As the chateau was built at a time when servants were plentiful, the kitchen and work areas were all in the Sous Sol (basement). Funnily enough, apart from events, Angel and I are a tad short on serving staff so we had to decide how to arrange our rooms to make them work for the family. The Sous Sol is so full of character, we wanted it to be part of our everyday lives, so the decision was made to keep our main kitchen there. The service kitchen on the ground floor would be used for breakfast and as the upstairs base for catering when we have events. We have a longer-term plan to join the main kitchen to the dining room by installing a spiral staircase in the tower in 2016/7.
Kitchens are expensive and we needed two. Our take on sustainability involves buying quality and keeping it so we had to be a bit canny with our expenditure. After much discussion (!) we finally agreed on the layouts and the work commenced with the water, waste and electricity. We had installed the Rayburn so gas was already in situ for the hobs. The carcasses came from a well known Swedish company and as our design was far from standard, I spent quite a long time sawing them to allow the depths to vary. Somehow they all seemed to fit and we had to commit to one of our biggest expenses: the work surfaces. We could have bought the standard compressed fibre surfaces, but we want the kitchen to be fully functional for when Arthur and Dorothy take it over, so we went in search of the best hard-wearing surfaces we could find. I wanted functionality and Angel wanted it to look perfect (we are very complementary!) so we decided against natural stone, and were delighted to find that Consentino make ‘Dekton’ which is exactly what we were both after! http://www.cosentino.com/en/brand/dekton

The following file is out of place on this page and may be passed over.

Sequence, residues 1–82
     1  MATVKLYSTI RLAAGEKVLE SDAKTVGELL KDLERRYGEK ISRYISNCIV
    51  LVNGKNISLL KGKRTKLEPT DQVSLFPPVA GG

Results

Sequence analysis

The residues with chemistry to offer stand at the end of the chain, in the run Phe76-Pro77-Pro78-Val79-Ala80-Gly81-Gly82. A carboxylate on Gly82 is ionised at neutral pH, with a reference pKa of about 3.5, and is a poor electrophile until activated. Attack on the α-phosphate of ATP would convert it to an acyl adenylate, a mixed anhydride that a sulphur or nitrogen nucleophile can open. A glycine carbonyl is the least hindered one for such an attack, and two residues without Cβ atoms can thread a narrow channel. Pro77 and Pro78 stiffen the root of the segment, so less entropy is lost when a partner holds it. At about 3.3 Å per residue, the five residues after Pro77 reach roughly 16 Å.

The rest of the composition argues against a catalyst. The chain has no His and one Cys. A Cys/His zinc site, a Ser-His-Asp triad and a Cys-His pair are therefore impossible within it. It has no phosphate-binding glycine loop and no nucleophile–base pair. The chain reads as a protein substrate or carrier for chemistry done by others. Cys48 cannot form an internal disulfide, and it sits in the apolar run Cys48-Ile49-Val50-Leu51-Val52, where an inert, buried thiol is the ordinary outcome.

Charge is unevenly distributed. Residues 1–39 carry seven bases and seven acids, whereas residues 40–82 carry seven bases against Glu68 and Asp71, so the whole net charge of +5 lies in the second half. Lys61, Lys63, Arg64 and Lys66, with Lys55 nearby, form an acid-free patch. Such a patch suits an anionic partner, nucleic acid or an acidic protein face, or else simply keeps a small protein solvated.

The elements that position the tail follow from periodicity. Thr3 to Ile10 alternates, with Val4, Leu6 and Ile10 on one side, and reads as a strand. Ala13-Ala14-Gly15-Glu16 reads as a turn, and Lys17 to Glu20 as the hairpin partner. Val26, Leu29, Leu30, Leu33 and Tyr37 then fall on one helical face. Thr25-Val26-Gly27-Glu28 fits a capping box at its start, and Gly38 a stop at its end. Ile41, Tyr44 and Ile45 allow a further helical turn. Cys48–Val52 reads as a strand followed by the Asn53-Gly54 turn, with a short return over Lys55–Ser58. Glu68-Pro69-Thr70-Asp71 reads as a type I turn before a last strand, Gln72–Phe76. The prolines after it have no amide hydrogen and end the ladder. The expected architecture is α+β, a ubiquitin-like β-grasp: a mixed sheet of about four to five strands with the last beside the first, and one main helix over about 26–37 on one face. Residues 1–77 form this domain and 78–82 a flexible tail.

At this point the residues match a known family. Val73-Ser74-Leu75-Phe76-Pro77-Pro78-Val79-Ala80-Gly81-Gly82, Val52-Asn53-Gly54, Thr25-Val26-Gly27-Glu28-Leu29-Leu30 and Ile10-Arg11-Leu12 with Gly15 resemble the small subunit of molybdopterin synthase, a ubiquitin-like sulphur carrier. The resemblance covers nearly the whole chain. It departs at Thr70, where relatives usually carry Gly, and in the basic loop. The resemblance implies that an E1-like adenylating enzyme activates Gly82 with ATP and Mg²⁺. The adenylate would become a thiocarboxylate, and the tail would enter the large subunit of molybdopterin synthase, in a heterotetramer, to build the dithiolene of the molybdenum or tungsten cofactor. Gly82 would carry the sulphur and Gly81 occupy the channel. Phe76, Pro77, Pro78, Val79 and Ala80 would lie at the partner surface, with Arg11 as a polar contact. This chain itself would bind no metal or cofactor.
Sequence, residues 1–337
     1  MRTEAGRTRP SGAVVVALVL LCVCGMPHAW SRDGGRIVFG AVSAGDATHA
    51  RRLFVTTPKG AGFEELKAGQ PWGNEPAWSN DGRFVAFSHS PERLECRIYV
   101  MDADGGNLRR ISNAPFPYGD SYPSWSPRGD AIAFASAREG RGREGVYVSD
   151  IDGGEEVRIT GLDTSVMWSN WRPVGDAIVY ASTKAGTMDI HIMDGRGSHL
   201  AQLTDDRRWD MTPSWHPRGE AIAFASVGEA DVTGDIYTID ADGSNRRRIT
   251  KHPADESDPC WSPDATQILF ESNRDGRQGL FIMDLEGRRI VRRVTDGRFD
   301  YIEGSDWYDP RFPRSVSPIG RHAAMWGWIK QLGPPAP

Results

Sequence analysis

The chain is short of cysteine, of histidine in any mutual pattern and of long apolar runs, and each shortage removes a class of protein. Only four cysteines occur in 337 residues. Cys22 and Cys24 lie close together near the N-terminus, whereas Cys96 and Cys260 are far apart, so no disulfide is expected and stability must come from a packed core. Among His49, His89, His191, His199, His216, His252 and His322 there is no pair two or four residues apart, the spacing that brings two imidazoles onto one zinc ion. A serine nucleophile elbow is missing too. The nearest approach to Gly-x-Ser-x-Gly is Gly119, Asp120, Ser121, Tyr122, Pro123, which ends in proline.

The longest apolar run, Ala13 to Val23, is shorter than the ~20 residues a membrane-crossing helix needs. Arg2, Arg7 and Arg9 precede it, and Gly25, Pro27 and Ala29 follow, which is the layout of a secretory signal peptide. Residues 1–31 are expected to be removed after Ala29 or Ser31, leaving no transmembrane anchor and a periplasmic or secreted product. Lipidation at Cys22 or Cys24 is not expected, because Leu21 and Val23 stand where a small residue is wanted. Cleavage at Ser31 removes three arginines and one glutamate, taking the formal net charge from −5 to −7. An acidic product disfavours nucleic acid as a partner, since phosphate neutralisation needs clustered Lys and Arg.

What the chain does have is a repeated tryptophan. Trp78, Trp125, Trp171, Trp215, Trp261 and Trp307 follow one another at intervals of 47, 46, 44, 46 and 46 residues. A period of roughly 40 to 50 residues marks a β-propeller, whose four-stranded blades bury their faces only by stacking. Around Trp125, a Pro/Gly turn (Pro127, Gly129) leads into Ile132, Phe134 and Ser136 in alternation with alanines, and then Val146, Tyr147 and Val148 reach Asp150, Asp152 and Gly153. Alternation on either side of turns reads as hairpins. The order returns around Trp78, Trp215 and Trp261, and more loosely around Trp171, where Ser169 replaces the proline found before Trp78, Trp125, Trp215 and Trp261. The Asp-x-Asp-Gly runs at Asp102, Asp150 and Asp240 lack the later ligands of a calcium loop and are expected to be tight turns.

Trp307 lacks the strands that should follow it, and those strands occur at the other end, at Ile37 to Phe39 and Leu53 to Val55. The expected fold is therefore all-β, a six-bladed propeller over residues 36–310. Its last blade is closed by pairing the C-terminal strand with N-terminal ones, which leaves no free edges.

Decoration – Angel and Sam came up with the design of the tiles, and Angel spent hours up in the ‘wedding operations room’ printing and heat-sealing them all.
Time was against us as the wedding approached, and I had little time to refurbish the dumb waiter, but miraculously a spray of WD40, a rub with a rag, and it worked (and has continued to work ever since!)
In 2016, we decided that we needed a lift to open up the upper floors in the Chateau. Our first thoughts were to find a lovely vintage lift, however this was not feasible. After lots of research we opted for a thing of beauty which was also excitingly geeky. Our lift goes up through the first four floors of the Chateau and works by sucking you up a tube….